A greater disaster than Yolanda


The entire world has seen the devastation that swept through central Philippines eight days ago. The death toll has been estimated by the United Nations at 4,460 as of Friday, and that figure could go higher as more bodies are being washed ashore. Many towns and cities, especially those situated close to the shore, were flattened by super typhoon Yolanda. Hundreds of thousands of victims were left wandering through the rubble, hungry, cold and frightened. So many cadavers still litter the landscape. For the victims, it was like the end of the world had come.

The victims’ plight was worsened because it took the national government almost a week to get its relief operations going. President Noynoy Aquino, stung by criticism in the world media that the relief efforts were moving too slowly, flung the disaster relief machinery to the badly-hit areas where people had gone without food and water for several days. But while the relief operations had begun (aided in large part by the arrival of the American Navy, Canadian military, the Germans, Israelis and other contingents), the distribution of food packs failed to reach everybody. Still a good number of towns complained they had received nothing.

Obviously, the government just went into action without much planning. The President sent his buddy, Mar Roxas, and Voltaire Gazmin, to Tacloban purportedly to assess the situation and make sure things were running smoothly. Unfortunately, it wasn’t what happened on the ground. Mar Roxas, perhaps thinking it was now the campaign period for the 2016 Presidency, went around shaking hands and telling people not to worry: help was on its way. Then he posed for the cameras with grandiose-looking gestures. When he left, the typhoon victims could only stare at him. Roxas didn’t bring food and water for them. He only left a message of hope for them, a dream of food and water to come.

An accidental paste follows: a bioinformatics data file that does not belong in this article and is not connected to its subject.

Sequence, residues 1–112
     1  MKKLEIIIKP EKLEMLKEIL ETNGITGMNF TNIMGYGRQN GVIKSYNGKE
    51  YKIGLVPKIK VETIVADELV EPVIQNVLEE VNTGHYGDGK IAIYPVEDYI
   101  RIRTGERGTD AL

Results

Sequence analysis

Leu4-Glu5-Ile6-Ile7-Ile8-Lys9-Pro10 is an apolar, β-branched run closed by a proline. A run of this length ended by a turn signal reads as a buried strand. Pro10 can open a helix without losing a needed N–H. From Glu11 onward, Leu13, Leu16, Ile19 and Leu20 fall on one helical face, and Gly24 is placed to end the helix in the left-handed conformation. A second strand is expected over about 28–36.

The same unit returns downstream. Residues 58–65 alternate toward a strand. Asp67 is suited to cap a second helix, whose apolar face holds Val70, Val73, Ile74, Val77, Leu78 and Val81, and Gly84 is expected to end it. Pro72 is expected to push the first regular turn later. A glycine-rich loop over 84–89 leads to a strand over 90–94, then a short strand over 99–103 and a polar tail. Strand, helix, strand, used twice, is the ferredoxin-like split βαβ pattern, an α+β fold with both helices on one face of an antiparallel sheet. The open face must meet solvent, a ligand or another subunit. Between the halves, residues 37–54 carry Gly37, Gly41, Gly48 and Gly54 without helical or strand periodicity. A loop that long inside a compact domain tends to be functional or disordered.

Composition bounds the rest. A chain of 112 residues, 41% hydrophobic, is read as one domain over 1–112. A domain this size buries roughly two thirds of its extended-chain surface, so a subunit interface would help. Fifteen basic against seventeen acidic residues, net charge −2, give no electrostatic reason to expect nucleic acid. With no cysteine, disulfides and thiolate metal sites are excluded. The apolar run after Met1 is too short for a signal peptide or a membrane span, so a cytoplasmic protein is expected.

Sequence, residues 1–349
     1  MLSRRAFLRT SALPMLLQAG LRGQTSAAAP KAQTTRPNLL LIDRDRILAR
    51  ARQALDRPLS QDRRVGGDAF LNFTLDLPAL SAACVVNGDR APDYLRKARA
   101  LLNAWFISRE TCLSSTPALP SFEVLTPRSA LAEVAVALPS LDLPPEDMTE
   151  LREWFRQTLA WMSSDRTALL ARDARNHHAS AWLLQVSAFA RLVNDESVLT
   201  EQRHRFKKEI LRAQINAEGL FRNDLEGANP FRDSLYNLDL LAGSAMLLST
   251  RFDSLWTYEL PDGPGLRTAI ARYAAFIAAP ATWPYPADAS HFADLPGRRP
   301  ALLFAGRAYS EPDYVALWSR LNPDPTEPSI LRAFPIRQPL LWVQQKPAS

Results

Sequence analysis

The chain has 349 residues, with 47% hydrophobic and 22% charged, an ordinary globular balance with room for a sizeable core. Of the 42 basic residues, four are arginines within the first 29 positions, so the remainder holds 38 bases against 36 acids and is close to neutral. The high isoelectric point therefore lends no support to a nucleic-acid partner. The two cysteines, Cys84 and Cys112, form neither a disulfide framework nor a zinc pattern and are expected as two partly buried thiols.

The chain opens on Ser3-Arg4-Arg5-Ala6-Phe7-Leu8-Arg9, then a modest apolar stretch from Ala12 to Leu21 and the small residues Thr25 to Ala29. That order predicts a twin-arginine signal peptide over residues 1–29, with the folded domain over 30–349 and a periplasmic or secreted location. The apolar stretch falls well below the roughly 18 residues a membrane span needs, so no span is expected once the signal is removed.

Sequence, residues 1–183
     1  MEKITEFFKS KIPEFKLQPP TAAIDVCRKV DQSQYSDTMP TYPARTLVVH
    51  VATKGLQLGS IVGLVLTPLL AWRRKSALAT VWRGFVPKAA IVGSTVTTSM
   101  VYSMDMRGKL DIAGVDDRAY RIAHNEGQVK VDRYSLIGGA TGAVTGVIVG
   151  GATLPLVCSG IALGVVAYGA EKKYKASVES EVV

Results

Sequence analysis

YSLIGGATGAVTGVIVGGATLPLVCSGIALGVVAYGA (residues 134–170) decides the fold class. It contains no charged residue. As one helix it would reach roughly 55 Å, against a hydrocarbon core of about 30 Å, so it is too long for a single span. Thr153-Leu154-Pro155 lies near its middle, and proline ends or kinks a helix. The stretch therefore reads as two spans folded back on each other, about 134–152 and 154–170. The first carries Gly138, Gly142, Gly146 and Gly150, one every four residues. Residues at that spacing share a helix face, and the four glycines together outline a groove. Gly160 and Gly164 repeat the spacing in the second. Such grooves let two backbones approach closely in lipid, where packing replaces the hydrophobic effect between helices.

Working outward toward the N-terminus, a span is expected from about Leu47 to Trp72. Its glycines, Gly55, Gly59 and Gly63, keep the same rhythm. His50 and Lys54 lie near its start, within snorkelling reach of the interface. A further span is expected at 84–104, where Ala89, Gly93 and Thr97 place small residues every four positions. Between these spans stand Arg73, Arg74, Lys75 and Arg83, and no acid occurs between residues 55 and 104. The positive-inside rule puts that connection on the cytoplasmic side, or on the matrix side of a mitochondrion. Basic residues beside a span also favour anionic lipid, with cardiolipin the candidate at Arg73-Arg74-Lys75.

That display of incompetence and insensitivity was a crime against the typhoon victims. It characterized the bungling and fumbling reactions of the Aquino administration to the gargantuan problems that faced them. Instead of calling everybody into a huddle, Mr. Aquino sent the likes of Mar Roxas to waddle around like a duck, essentially doing nothing and getting in the way of those trying to help. Mr. Aquino himself broke several days of staying hidden in Malacanang on Thursday night to visit relief goods repacking stations, exhorting volunteers about the need for the bayanihan spirit. Obviously, Mr. Aquino didn’t know enough about how to deal with the situation other than PR stunts like that.

While the relief operations of the foreign governments and the private sector whirred smoothly, that of the government remained to be tentative steps. The entire machinery of government wasn’t even ready to go into overdrive. It’s a good thing the entire world had come to our rescue. And it was heart-warming to see thousands of people contribute cash, food and used clothing for the victims. Without them, the hunger would have driven tens of thousands to death by starvation or disease.

The fumbling hasn’t abated. Mr. Aquino had scheduled a trip to Tacloban today (Saturday). As I tweeted on Friday afternoon, that kind of activity wouldn’t accomplish anything. Mr. Aquino should stay put in Malacanang, calling his Cabinet and other government leaders to a huddle. He needs ideas, suggestions. He should even reach out to the opposition, particularly to political leaders in the badly-hit areas and solicit proposals on how to better carry out the relief operations.

But Mr. Aquino is too proud. It’s a good thing he didn’t blame this one on Gloria Macapagal Arroyo. But he did blame the local officials for failure to respond quickly, obviously blind to the fact that most officials were still in shock from their own experiences. He also got entangled with a dispute over the casualty figures. Mr. Aquino was displeased when a police general told him that based on the magnitude of the disaster, the death toll could reach 10,000. He insisted it was only 2,000, with 2,500 at the most. It was a useless exercise. It only diverted time and attention from the urgent task at hand: the relief operations.

There’s now a growing public perception Mr. Aquino is being too defensive about the government’s response to the crisis. He is being accused of trying to look for excuses for the lapses than coming up with solutions. That is not totally baseless. One only needs to look at the slow pace of the relief operations. Even the U.N. has expressed frustration and consternation.

Unless Mr. Aquino wakes up from his slumber, it just might happen that he will be labeled as a greater disaster than Yolanda itself. It doesn’t help him that he is surrounded by a bunch of amateurs trying to look like experts. If that happens, his own Presidency would be put at risk, as more and more Filipinos are expressing an anger that could force him to step down.

About Manuel "Boy" Mejorada
Manuel "Boy" Mejorada is a journalist and social media activist. A former Iloilo provincial administrator, he is now waging a crusade against corruption and narco-politics.

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